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In Pursuit of Science: Revisiting a Speech by President Reagan

March 2016 
Atul Malhotra, MD

Atul Malhotra, MD

With some combination of amusement and concern, I am watching the political process unfold in this election year. I was reminded of a speech that I had heard some time ago. Ronald Reagan gave a speech in 1988 which still resonates for me today. Although one could debate how much impact he had on science and research, I think the message he provided still has value today.

For example when talking about hope, “This … is a good time for all of us to reflect on the enduring importance to mankind of hope and faith in the future. And nowhere do our hopes take more visible form than in the quest of science.”

He continues to say:

“Science has grown, and with it, the fascination it holds for all of us. But as the pursuit of science has become ever more nationally and even multinationally funded, it has also become more expensive. The problem here is that science, unlike a bridge or an interstate highway or a courthouse, has no local constituency. Today, when we’re witnessing some of the most exciting discoveries in the history of science, things similar to the breakthroughs associated with Einstein, Galileo, and Newton, federal funding for science is in jeopardy because of budget constraints.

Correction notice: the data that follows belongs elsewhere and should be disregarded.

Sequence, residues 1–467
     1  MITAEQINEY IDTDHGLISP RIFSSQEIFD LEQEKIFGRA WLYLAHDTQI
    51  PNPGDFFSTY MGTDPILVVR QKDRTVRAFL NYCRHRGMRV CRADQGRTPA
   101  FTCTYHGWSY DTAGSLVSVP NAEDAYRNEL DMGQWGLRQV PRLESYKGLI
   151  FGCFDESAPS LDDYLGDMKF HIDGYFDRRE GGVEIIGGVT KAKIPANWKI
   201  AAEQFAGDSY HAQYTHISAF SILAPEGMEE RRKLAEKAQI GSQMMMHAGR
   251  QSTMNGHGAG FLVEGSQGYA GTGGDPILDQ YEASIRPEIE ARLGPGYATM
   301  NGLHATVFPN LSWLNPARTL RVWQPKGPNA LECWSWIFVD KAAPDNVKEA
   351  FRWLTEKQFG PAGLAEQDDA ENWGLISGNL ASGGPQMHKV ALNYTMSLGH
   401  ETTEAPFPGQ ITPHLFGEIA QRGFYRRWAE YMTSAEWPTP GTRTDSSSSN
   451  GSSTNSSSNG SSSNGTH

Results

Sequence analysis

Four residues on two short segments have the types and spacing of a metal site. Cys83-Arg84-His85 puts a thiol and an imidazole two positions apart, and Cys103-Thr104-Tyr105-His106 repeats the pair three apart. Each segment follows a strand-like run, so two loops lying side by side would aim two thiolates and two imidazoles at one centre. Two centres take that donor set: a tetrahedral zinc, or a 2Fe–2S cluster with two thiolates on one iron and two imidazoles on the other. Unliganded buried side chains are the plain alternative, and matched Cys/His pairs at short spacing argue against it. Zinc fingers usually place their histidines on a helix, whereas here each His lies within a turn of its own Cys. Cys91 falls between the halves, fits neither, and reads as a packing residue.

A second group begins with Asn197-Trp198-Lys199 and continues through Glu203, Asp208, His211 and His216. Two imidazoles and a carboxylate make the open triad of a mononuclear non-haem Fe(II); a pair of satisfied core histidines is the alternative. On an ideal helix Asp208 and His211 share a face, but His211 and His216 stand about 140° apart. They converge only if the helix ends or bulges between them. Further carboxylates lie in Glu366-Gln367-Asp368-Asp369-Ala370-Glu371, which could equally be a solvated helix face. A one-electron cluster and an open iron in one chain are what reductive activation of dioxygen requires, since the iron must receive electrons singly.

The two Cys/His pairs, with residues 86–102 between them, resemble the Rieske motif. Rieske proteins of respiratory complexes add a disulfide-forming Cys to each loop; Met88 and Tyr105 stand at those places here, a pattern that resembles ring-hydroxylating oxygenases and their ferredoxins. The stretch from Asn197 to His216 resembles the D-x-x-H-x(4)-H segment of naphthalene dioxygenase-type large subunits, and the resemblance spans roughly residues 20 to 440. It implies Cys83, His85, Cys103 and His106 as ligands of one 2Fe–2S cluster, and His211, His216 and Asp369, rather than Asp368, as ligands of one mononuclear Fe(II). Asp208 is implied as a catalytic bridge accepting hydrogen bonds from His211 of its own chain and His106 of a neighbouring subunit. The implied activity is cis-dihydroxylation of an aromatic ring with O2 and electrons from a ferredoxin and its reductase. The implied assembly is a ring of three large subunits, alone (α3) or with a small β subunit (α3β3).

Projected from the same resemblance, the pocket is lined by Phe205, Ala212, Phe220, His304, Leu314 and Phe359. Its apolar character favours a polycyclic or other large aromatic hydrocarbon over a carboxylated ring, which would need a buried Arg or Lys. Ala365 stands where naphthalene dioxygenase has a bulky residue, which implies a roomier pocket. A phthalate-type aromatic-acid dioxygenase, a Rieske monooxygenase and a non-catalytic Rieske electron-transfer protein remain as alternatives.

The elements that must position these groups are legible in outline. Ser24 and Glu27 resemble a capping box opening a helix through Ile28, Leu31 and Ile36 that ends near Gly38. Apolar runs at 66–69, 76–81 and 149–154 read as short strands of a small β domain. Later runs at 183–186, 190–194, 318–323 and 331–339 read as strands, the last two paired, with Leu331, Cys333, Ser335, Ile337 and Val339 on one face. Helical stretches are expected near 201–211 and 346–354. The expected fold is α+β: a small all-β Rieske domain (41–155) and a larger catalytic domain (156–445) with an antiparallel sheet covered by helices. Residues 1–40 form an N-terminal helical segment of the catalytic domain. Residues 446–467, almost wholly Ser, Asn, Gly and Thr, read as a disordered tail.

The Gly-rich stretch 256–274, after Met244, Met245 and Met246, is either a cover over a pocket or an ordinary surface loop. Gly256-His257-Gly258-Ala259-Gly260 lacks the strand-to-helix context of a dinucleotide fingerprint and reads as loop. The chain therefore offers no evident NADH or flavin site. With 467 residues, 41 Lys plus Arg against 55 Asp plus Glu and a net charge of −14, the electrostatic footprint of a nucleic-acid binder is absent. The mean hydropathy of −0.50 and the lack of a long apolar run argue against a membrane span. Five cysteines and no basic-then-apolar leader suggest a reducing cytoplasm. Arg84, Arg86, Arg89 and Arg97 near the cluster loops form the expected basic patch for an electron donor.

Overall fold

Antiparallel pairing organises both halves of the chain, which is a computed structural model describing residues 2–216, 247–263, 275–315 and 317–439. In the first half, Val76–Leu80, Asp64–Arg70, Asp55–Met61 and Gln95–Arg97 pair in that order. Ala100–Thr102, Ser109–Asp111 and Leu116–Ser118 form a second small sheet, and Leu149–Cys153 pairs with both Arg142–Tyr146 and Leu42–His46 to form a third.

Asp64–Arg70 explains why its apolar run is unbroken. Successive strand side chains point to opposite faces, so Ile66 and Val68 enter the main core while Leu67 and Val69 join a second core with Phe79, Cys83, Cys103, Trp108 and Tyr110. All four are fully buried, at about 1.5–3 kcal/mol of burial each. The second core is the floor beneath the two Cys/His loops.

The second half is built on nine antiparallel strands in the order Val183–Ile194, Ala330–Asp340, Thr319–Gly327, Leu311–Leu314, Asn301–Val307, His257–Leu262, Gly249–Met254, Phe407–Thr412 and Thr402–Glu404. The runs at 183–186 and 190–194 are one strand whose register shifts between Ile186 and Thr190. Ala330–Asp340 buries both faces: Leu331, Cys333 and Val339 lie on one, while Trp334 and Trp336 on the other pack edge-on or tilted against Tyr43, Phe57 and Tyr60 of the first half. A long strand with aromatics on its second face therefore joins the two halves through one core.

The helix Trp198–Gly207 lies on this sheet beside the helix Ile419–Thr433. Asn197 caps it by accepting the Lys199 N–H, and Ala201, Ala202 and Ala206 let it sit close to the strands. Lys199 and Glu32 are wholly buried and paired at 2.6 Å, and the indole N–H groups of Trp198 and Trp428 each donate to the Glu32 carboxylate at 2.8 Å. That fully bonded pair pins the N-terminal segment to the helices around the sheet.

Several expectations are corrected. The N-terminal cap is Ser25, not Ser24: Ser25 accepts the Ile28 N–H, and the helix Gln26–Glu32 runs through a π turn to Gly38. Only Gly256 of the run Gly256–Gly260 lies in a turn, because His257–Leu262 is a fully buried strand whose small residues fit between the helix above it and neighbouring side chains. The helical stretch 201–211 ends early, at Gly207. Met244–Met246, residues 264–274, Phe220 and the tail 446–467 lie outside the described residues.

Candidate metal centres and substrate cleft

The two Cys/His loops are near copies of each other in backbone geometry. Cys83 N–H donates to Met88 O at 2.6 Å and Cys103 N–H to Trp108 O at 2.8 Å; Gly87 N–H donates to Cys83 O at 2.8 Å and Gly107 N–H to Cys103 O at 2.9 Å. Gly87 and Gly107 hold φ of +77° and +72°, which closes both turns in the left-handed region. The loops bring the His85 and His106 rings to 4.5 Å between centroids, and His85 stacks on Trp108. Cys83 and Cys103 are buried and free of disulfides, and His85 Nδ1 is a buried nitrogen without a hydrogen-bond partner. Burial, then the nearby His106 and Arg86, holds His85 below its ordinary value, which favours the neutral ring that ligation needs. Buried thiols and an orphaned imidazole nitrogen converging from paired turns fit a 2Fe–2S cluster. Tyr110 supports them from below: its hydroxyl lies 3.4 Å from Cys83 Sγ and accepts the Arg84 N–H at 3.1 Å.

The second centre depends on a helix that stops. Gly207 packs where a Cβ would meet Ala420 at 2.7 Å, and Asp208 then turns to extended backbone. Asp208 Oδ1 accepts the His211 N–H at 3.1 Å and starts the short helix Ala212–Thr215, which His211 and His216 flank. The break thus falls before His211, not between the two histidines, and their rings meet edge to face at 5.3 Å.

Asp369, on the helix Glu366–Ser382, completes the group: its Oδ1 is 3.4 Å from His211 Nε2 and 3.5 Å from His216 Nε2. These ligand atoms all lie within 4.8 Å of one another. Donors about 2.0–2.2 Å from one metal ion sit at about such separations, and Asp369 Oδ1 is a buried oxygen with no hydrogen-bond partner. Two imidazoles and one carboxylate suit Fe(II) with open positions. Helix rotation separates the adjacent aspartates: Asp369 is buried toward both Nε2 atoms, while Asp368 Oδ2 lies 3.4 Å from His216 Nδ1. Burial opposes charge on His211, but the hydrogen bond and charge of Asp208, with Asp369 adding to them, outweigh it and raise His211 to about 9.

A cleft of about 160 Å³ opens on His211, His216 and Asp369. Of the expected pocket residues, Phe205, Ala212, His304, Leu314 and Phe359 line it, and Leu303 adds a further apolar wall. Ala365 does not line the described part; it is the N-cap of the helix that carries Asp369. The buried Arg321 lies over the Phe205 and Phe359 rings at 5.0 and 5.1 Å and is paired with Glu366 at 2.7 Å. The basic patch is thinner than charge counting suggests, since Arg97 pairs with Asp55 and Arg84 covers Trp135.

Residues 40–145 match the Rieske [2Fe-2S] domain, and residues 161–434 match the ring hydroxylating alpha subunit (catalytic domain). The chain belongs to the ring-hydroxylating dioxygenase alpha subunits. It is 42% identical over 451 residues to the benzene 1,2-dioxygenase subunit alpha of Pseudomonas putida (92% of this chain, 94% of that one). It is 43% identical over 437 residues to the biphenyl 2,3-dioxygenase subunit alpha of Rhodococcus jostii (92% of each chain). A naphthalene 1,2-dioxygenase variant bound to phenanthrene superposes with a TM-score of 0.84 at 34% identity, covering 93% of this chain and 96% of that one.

“The remarkable thing is that although basic research does not begin with a particular practical goal, when you look at the results over the years, it ends up being one of the most practical things government does. For example, government-sponsored basic research produced the first laser. Today, less than three decades later, lasers are used in everything from microsurgery to the transmission of immense volumes of information and may contribute to our Strategic Defense Initiative that promises to make ballistic missiles obsolete. Well, I think that over the past 50 years the government has helped build a number of particle accelerators so scientists could study high energy physics. Major industries, including television, communications, and computer industries, couldn’t be where they are today without developments that began with this basic research.

“Some say that we can’t afford it, that we’re too strapped for cash. Well, leadership means making hard choices, even in an election year. We’ve put our research budget under a microscope and looked for quality and cost effectiveness. We’ve put together the best program for the taxpayers’ dollars. After all, the American tradition of hope is one we can’t afford to forget.”

I remain proud of the ATS and its conference motto, “Where today’s science meets tomorrow’s care.” This concept succinctly captures a core mission of ATS and hopefully won’t be lost on today’s politicians.

Last Reviewed: September 2017